“O My Soul”: Engaging in Biblical Self-Talk

Psychologists speak of self-talk, the art of telling yourself certain things that influence your attitude, actions and speech. For instance, Deborah said to herself, “O my soul, march on in strength!” (Judges 5:21).

Every time the psalmists used the phrase, “O my soul,” they were engaging in self-talk. We all talk to ourselves. Whether or not this is a good practice depends largely on what we are saying, and whether it is true and helpful.

I love these thoughts from our dear friend Joni Eareckson Tada:

There are very few days when my soul does not require a good 'talking to.' On most mornings when pain encroaches, I demand my soul to come into alignment with the Holy Spirit; I order it to stand at attention and take orders from God for the day; that it rejoice in the day that's been made by its Creator; that it ascribe to a holy purpose for living; that it quit being sullen, and be hopeful in Jesus; and that it rejoice in the Lord, for therein lies its strength! Sometimes quadriplegia is just plain tiring—add to it chronic pain, and it can wear on the soul. It's why (when I deal with pain) I often pray, "Why are you downcast , O my soul? Why so disturbed within me? Put your hope in God, for I will yet praise him, my Savior and my God" (Psalm 42:11). …join me in urging your soul to find its solace, comfort, and encouragement in Jesus Christ!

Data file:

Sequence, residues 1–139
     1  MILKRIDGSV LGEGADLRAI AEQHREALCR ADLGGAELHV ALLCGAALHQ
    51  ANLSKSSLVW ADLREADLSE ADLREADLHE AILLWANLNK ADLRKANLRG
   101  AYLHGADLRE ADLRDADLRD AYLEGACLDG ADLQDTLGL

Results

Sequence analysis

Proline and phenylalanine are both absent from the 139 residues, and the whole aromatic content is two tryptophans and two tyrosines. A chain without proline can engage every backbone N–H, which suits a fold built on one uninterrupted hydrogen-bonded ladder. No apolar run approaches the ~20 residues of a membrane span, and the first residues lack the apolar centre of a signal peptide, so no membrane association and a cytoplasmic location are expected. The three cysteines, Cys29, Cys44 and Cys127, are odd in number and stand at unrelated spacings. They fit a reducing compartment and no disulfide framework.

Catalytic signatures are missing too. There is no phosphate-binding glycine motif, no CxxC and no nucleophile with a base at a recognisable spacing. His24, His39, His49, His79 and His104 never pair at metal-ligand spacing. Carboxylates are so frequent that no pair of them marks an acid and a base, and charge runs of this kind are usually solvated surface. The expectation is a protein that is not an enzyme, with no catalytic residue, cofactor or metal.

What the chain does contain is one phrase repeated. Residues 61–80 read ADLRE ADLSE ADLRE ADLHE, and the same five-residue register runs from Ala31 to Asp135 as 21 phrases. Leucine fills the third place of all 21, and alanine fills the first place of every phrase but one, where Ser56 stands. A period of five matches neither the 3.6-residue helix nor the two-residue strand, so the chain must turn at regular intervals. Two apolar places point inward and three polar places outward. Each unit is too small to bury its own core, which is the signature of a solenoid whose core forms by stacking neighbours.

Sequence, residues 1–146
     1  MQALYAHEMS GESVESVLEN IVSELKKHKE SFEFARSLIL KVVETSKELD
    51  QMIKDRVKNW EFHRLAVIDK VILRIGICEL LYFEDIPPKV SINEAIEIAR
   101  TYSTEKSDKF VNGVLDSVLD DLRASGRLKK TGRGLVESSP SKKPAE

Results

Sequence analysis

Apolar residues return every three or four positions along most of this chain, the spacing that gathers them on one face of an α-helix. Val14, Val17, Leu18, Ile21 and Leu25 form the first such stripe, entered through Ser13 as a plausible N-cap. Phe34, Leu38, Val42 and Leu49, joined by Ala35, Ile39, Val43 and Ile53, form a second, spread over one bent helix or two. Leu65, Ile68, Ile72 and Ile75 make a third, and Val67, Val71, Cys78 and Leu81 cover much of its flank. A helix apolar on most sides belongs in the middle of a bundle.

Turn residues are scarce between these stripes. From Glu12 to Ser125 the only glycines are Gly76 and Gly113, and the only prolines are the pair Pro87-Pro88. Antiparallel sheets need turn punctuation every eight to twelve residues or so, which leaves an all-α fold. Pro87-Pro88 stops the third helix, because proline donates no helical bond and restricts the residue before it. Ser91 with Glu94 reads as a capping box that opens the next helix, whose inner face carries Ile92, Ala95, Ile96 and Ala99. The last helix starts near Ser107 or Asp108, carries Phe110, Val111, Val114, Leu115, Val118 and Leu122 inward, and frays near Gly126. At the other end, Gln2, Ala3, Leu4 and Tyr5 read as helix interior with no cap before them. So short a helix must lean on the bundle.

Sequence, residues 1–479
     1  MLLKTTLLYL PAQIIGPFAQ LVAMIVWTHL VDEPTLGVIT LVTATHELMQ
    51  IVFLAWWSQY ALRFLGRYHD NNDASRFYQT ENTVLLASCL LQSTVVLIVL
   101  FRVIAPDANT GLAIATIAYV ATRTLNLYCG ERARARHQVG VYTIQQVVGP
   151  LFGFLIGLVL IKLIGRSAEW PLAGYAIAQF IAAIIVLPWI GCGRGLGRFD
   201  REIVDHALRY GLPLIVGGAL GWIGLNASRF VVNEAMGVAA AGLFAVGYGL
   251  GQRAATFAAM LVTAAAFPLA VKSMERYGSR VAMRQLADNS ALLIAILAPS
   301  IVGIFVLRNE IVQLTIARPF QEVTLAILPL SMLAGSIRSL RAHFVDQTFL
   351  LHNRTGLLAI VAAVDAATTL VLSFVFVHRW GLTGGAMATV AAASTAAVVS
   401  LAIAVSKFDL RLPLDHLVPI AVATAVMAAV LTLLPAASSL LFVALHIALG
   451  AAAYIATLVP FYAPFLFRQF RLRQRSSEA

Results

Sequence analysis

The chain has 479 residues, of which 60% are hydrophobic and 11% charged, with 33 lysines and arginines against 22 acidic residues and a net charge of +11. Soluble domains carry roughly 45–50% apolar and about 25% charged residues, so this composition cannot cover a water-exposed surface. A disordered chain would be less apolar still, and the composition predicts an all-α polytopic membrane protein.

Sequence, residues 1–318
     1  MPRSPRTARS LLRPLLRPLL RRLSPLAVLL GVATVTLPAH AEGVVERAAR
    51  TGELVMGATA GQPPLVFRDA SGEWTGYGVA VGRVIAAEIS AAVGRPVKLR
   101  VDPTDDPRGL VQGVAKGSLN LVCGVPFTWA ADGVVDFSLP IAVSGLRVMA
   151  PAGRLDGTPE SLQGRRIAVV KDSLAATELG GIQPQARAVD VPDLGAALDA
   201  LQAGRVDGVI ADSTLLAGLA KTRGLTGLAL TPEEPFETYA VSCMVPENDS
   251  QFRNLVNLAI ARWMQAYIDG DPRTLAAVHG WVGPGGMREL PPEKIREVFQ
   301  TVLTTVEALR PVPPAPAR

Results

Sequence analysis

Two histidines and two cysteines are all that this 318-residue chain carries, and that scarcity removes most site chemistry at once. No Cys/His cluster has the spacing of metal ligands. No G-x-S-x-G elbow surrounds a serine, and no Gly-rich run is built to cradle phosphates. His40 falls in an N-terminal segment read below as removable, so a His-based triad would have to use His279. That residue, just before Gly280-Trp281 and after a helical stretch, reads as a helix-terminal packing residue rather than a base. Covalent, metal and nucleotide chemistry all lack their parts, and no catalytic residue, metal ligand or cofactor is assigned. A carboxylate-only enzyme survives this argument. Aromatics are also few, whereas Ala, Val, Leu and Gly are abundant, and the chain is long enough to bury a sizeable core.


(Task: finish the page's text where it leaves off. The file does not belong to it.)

Those who, like Joni, ponder God’s Word and make it the substance of what they say to themselves will find their minds refreshed and renewed, even in the midst of difficult and trying circumstances. Feeding on God’s thoughts gives nourishment and joy. Such a well-fed and well-exercised mind will become a repository of worship, thanksgiving and praise, which will overflow into conversations, breathing in joy from our Lord, and breathing out praise to him. A life saturated in the Bible will in turn infuse others with an eternal perspective and the very happiness of God. 

“Bless the LORD, O my soul; And all that is within me, bless His holy name! Bless the LORD, O my soul, and forget not all His benefits” (Psalm 103:1-2).

Photo by Kelly Sikkema on Unsplash

Randy Alcorn (@randyalcorn) is the author of over sixty books and the founder and director of Eternal Perspective Ministries